APS已经被我的弟弟,叫7次last 4 years after being removed as POA because he called them after my mom and dad got into a fight about selling the ranch. After that he was deemed unfit for the POA job. Our parents have been together for 68 years and my father just passed away at 87. He was also caught telling her she has Alzheimer's. Is this appropriate behavior? I am working hard to keep my mom in her home. He called the police the other day like he is building a legal case. So much time and energy diverted from helping her.

Find Care & Housing
And this is why we see questions on this forum such as "my sibling will not let me see my dying parent". That is because the sibling took over. The OP should probably see an attorney for a cease and desist. While at it maybe guardianship. After all the OP sees the abuse and chooses to do nothing but post on this forum. It can escalate for the state to take over as well.

Before my mom's money loss became worse, I had to get guardianship. I did have POA but the document was not comprehensive enough to deal with banks. Artgirl11, one day you may find that your brother convinces your mom and takes her to the bank to create a joint acoount and credit card. Once willing, and convinced this happens a lot.
Helpful Answer (2)
Reply to MACinCT


I will add, it is common for adult children to disagree on future care arrangements for their parents.

It can get polorised into 'keep Mom at home' vs 'Mom needs to move into care'.

There are always reasons driving those views. There vary as the day is long; move to 24/7 care required (viewed as ranch stealers by others?) to heartwarming wishes to keep Mom happy (viewed as dreamers by others?)

Can I ask:
Is there a diagnosis of Alzeimer's Disease?

Let's start there. With how your Mom really is.
Helpful Answer (1)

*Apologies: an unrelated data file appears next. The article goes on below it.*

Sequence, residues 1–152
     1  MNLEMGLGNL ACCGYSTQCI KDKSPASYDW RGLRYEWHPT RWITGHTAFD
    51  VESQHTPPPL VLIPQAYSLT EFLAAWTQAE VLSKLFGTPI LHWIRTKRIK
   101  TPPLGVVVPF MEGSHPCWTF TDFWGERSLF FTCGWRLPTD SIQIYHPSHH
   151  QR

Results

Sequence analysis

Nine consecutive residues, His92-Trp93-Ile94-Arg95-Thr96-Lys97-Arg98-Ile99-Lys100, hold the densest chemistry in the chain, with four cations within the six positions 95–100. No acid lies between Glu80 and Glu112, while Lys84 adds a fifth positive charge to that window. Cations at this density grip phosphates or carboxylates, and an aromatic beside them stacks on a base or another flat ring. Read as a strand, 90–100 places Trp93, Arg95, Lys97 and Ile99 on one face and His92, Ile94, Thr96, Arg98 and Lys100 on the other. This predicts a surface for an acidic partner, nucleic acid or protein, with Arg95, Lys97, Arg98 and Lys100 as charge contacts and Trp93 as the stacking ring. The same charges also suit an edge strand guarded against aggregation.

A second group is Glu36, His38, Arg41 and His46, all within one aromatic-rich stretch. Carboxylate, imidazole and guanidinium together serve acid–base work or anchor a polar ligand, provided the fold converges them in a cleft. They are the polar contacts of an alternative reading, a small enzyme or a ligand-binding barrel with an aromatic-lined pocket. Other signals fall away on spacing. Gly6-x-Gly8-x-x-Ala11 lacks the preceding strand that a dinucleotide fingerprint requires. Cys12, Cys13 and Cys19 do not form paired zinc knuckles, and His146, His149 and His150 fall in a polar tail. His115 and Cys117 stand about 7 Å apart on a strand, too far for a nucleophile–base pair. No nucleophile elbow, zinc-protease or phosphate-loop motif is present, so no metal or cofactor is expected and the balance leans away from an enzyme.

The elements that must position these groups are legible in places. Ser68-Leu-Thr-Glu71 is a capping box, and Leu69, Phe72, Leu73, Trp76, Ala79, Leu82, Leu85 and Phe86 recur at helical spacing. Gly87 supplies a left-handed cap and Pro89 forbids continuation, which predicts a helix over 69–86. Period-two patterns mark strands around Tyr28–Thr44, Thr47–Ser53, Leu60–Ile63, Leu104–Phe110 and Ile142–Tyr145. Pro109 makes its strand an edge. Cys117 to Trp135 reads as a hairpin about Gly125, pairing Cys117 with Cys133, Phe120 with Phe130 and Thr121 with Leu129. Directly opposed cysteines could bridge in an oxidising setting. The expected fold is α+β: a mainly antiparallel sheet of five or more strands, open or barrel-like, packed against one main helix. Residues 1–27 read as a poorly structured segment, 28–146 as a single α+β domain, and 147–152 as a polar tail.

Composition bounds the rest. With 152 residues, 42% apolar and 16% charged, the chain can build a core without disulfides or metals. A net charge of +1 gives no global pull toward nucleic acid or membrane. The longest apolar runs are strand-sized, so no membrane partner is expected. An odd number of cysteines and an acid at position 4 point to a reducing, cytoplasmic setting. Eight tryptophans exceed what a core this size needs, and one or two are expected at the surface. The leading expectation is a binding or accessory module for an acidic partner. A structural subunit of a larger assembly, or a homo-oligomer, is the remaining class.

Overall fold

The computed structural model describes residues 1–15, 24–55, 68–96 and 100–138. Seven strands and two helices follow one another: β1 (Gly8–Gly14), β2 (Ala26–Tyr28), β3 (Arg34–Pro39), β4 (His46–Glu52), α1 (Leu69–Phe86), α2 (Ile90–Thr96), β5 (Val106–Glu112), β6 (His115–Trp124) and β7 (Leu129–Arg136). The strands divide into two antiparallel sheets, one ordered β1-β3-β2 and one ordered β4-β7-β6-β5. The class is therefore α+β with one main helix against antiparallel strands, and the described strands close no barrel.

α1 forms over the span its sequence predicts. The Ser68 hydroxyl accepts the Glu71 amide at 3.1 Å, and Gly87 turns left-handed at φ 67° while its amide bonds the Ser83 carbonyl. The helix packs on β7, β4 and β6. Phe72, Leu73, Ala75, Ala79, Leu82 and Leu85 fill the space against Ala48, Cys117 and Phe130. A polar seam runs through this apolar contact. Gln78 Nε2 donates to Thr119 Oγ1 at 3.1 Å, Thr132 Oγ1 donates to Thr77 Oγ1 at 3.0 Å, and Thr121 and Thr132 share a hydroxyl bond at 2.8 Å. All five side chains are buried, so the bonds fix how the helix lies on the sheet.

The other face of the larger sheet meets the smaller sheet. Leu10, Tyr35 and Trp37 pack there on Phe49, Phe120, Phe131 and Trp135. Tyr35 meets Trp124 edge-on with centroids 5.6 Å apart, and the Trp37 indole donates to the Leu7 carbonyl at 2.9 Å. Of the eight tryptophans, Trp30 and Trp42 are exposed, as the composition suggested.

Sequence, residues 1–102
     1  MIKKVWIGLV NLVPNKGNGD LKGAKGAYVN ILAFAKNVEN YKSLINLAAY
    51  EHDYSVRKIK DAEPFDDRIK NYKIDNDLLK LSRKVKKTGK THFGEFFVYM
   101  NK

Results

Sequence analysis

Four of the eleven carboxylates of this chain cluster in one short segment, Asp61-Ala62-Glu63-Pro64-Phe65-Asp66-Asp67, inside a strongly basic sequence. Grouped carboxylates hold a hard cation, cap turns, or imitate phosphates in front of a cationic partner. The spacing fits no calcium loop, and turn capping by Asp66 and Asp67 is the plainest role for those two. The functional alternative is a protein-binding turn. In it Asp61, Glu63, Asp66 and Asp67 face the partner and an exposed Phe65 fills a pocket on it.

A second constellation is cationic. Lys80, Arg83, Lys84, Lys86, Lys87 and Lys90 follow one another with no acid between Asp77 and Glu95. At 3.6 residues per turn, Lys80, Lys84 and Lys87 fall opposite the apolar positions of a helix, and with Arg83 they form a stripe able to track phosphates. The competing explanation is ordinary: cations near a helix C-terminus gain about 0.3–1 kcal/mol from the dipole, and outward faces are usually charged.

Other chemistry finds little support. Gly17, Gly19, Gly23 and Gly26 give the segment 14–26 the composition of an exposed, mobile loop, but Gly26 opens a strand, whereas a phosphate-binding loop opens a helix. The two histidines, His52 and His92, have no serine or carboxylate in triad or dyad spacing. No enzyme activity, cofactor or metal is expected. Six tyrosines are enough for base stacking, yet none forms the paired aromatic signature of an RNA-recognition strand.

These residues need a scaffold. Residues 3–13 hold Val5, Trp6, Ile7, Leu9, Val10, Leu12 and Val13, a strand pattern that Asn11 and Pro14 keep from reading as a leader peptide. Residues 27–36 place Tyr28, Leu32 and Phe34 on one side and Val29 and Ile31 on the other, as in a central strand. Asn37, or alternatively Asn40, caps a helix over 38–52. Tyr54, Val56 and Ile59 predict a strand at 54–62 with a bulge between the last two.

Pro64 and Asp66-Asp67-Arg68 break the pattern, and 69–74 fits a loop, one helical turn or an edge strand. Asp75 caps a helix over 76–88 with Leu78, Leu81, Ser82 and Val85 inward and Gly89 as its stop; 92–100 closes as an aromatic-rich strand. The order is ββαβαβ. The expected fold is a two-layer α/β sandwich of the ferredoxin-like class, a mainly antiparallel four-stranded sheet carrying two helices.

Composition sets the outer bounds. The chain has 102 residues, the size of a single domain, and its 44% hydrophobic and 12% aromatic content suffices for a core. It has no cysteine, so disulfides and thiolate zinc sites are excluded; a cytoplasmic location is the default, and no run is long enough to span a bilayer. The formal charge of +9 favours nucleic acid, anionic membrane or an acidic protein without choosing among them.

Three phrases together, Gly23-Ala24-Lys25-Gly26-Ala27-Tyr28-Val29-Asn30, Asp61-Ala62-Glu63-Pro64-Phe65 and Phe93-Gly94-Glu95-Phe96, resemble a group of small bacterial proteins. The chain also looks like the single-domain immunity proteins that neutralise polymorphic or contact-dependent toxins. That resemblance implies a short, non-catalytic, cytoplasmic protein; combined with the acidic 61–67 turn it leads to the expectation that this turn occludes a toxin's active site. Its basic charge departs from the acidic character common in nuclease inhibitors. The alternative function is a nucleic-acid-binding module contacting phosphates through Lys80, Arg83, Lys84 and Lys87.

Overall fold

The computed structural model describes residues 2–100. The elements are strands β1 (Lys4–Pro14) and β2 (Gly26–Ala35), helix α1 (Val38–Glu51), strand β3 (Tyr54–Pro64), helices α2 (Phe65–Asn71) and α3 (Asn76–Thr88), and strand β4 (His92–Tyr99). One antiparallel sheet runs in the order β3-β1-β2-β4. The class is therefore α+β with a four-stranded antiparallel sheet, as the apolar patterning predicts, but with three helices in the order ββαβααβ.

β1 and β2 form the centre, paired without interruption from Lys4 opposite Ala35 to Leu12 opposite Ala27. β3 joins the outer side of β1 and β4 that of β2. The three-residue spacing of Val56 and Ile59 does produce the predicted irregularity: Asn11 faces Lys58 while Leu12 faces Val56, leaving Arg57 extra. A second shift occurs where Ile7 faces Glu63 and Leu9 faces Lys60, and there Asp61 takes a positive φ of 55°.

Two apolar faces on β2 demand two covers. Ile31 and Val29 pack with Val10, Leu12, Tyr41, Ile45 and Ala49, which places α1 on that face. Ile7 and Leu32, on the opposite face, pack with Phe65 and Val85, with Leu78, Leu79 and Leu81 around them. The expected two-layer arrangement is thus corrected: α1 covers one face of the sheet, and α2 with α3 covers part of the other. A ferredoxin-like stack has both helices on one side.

Reply to Beatty

I'd call it abuse. It's taking advantage of a vulnerable adult, which is also a crime.

Is her Alzheimer's documented? If it is, any POA she'd assign at this point wouldn't be valid as she isn't competent to assign it to anyone. The fact that he's on tape telling her she has Alzheimer's is all the more damning for him as it shows he knows she's not competent and is trying to coerce her.

He's not the brightest bulb in the family chandelier, is he?
Helpful Answer (2)
Reply to MJ1929

Perhaps it's time to get an injunctive order to keep your brother from contact with your mother. The quickest way is to hire an attorney to assist you in applying for a TRO (Temporary Restraining Order), which may not require a hearing (depends on your jurisdiction and laws). It could provide that he not have any personal, physical, phone, mail, e-mail, texting or other contact with her. It also would establish boundary lines, such as no contact within 100 feet (or some other measurement) from her house.

An attorney could help guide you through the restrictive options, and whether to ask for any additional restrictions, as well as at the courthouse where you'd have to go to get the order. When we got one, we didn't have any hearing, just met with the TRO rep, who took the Petition to the Judge while we waited. The Judge did make a few changes, but we got the TRO signed.

A sheriff made service. You can't (and wouldn't want to) make service yourself.

You'd have to check with either a local District Court or County as to which has jurisdiction.

An alternative is more complicated and perhaps less likely to result in what you seek. Filing a Petition, attending a hearing, and presenting the matter to a judge would not only be more costly, but there's a likelihood the judge may rule against protection. And the hearing could be explosive, if your brother shows up (he would be required to when he's served with a true copy of the Petition).

If you can find get any police reports from past meddling, that would help. If they're several years old, the question may be raised as to whether or not your brother has changed, so think about and discuss with an attorney what documentation would be required.

The video would definitely provide supportive evidence.

You might raise with the attorney whether or not there are also grounds for you to get a protective order yourself, and how to protect your mother's assets from any kind of theft or other nefarious activity.
Helpful Answer (3)
Reply to GardenArtist

Ask a Question
Subscribe to